Couple holding hands


“Keep it simple,” has always been my motto. In a complicated world, I do as much as I can to “weed out” the chaos and alleviate stress; however, there is such a thing as over simplifying, and that can lead to unintended consequences.


“Joint with Rights of Survivorship,” or “JTWROS,” is a type of ownership that affords two or more people equal ownership in an asset, which includes access. This type of ownership also allows for survivorship rights upon the death of an owner. In other words, upon the death of an owner, the asset is split equally among the other owners.


JTWROS is a very simple way to avoid probate and create continuity upon the death of an owner. These advantages are generally what appeal to many people; however, there can also be reasons why this type of ownership would not be appropriate. Here are a few to consider:


  1. All owners have equal access and responsibility: Generally, with a husband and wife, or business partners, this can be beneficial; however, we have seen instances where children add their name to the title to avoid probate. What they don’t consider is that if one owner is sued or divorced (e.g., the child), it is possible that the house now becomes part of the child’s assets to settle these events. In that case, it is possible Mom and Dad would be out of a home: not an ideal scenario.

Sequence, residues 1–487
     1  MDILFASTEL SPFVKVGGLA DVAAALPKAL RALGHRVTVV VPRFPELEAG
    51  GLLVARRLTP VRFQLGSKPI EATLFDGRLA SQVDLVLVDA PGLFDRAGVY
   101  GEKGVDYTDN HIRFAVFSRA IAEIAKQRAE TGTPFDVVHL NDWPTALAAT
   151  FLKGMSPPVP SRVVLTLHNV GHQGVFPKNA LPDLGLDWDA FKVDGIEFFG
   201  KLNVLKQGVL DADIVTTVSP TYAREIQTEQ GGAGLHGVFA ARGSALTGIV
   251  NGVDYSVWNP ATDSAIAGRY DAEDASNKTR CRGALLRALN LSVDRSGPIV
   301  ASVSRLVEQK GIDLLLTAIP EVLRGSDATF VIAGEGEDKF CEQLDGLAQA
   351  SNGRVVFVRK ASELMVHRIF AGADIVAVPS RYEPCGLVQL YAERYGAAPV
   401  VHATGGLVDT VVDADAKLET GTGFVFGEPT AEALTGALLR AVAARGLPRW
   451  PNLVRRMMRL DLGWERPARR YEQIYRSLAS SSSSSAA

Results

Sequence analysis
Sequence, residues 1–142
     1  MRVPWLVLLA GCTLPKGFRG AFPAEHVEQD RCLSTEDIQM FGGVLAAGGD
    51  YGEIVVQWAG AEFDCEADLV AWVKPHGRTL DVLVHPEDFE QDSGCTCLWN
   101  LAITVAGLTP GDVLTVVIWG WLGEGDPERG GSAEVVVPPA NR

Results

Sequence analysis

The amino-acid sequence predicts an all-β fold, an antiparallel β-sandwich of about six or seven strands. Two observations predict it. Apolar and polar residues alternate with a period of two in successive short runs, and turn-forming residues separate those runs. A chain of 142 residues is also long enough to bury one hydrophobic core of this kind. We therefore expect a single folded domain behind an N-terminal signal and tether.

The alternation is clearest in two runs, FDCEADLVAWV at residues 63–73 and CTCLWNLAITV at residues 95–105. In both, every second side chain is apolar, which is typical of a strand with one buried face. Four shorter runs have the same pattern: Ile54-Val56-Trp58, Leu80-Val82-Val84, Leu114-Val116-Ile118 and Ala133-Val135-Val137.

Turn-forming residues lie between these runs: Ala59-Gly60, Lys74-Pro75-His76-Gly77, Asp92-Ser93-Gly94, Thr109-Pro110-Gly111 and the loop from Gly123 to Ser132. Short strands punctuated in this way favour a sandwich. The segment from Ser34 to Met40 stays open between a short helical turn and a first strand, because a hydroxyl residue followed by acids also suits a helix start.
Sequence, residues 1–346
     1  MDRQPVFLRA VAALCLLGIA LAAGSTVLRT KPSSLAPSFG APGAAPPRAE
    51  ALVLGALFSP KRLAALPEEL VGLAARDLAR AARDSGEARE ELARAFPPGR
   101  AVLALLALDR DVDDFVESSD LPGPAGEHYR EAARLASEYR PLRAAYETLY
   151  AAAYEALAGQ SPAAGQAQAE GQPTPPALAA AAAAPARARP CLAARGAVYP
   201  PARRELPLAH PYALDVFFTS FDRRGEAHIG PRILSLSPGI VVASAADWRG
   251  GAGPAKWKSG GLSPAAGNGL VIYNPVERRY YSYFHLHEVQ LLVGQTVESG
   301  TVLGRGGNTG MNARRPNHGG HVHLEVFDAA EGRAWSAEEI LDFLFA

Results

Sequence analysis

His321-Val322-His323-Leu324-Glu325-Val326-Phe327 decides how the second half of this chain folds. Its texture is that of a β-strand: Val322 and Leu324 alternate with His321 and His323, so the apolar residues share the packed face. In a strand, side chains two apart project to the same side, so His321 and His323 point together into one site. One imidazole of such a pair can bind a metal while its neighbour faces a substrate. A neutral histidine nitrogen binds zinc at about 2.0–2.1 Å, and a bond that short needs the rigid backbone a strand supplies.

2. Unintended estate consequences: Eventual estate distribution intent could be lost through JTWROS titling. Assets titled in this manner will pass automatically to the surviving owner(s) despite the language in your Will or Trust. Frequently, a surviving spouse may obtain these assets, remarry, and name the new spouse as a JTWROS owner. The new spouse (and their children from the previous marriage) may receive assets that were intended to go to the deceased spouse’s children. This could result in a messy scenario, fraught with legal proceedings.
  3. Potential negative tax consequences: Individuals may gift up to $14,000 per year, to as many individuals as they wish, with no gift tax consequences. Adding a JTWROS owner may be construed as a gift, and thus subject the transferor to gift taxes. Although this is not as much of an issue today, due to increased Allowable Exemption Amounts, in larger estates it could create unintended gift tax consequences.


JTWROS titling has distinct benefits, but also potential disadvantages. Before making a decision to title an asset or account in any particular manner, consult your financial planner. When making these decisions, many factors should be considered in the context of your whole financial and estate plan.